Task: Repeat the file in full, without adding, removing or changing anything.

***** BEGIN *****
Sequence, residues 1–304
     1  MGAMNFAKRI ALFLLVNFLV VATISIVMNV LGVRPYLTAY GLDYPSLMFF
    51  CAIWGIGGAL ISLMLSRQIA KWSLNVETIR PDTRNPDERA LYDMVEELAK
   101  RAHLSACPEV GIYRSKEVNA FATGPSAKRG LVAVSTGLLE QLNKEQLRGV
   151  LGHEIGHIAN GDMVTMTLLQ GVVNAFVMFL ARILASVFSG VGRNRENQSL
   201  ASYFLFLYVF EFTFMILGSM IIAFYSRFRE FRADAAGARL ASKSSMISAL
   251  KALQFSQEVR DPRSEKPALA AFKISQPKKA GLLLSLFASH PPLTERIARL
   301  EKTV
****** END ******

Sequence, residues 1–304
     1  MGAMNFAKRI ALFLLVNFLV VATISIVMNV LGVRPYLTAY GLDYPSLMFF
    51  CAIWGIGGAL ISLMLSRQIA KWSLNVETIR PDTRNPDERA LYDMVEELAK
   101  RAHLSACPEV GIYRSKEVNA FATGPSAKRG LVAVSTGLLE QLNKEQLRGV
   151  LGHEIGHIAN GDMVTMTLLQ GVVNAFVMFL ARILASVFSG VGRNRENQSL
   201  ASYFLFLYVF EFTFMILGSM IIAFYSRFRE FRADAAGARL ASKSSMISAL
   251  KALQFSQEVR DPRSEKPALA AFKISQPKKA GLLLSLFASH PPLTERIARL
   301  EKTV